A polyhedral model is composed of components (usually called vertices) and links (also called edges), but also has polygons formed by rings of links, and usually has specific rules for vertex or polygon valency. The following list defines specific types of polyhedra and polyhedral concepts:
- A polyhedron typically has a fixed vertex valency, or a fixed polygon order.
- The dual of a polyhedron switches the locations of vertices with polygons, such that a polyhedron with fixed valency becomes a polygon with fixed polygon order.
- A deltagraph is a polyhedron with triangular polygons.
- A fullerene is a polyhedron with trivalent vertices, 12 pentagons and a variable number of hexagons.
- A polygon is considered closed when it either has the same valency for all vertices, or the same order for all polygons.
The easiest way to visualize polyhedra is using UCSF Chimera and converting the model to the Chimera marker model format (cmm):
bmodel -verb 7 -comp 0.5 -linkrad 0.2 -out new_model.cmm model.star
The options for specifying the component and link radii may be necessary to produce reasonable display sizes for these elements.
Bsoft offers various ways to generate polyhedra (e.g., Heymann et al., 2008).
A cylindrical polygon can be a tube that is open at the ends, or closed with a specific cap type. The pentagonal type adds a semi-icosahedral cap to each end, while the hexagonal type adds a six-fold cap at each end. First, a deltagraph is generated as a cylinder with flat ends:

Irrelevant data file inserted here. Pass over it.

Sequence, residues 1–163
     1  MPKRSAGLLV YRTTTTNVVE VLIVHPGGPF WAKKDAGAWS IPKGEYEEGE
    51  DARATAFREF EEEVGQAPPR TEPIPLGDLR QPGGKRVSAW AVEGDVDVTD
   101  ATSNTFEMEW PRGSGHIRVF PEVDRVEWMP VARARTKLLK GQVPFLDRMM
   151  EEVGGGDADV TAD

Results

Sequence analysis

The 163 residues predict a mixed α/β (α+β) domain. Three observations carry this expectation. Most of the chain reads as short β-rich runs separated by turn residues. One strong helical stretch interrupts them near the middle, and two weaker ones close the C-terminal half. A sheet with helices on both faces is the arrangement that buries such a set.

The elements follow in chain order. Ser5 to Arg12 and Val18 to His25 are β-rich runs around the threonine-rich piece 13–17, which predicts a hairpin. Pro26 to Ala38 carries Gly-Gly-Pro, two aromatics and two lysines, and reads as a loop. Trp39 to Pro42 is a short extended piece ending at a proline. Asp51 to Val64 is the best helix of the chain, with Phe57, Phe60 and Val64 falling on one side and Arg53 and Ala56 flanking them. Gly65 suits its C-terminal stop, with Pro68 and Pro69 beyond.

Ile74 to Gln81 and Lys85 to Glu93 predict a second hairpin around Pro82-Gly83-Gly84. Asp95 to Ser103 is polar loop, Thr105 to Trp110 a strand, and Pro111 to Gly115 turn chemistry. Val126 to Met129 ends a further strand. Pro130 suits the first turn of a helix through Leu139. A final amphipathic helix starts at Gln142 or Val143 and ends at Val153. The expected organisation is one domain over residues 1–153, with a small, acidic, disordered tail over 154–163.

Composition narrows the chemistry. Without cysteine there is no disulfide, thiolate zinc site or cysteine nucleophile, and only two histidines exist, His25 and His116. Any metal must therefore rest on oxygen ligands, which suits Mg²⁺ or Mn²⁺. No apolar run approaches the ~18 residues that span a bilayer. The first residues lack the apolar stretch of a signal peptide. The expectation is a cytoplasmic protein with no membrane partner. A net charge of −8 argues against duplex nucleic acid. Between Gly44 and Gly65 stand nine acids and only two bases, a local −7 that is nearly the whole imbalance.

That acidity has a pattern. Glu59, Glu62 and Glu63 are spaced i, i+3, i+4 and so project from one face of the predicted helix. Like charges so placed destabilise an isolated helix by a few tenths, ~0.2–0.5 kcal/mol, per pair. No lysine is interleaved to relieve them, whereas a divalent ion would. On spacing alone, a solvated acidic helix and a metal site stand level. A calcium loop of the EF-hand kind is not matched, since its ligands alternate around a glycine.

bdelta -verb 1 -create 2 -rad 2 -height 3 -comp 0.2 -linkrad 0.1 -out loz.cmm
It is then converted to its dual to give a fullerene:
bpoly -v 1 -dual -out loz_dual.cmm loz.cmm
This is still distorted and has to be regularized:
bpoly -verb 1 -reg 10000 -linklen 1 -Klink 0.1 -Kangle 0.01 -Kplane 0.0001 -out loz_reg.cmm loz_dual.cmm
The pentagons can then be highlighted by color:
bmodcol -verb 1 -polygons 5 -color 0,0,1,0 -out loz_reg_col.cmm loz_reg.cmm
Almost any closed polyhedron can be built from a linear sequence of polygons, assembled in a manner where succesive polygons form a spiral on the polyhedral surface. This linear sequence of polygons can be encoded as a simple sequence of numbers relating the polygon orders. In the case the fullerenes, there are always 12 pentagons and a variable number of hexagons. The spiral algorithm simply generates all permutations of a specified length sequence of 5's and 6's, attempts to generate a closed polyhedron from each sequence, and keeping those closed polyhedra as output models. A comprehensive enumeration of fullerenes with a specific number of vertices can be generated:
bspiral -verb 1 -vert 36 36.star
This gives 15 closed polyhedra out of a possible 125970 permutations of the 20-polygon sequence.
(Note: A fullerene with n vertices always has 12 pentagons and (n-20)/2 hexagons)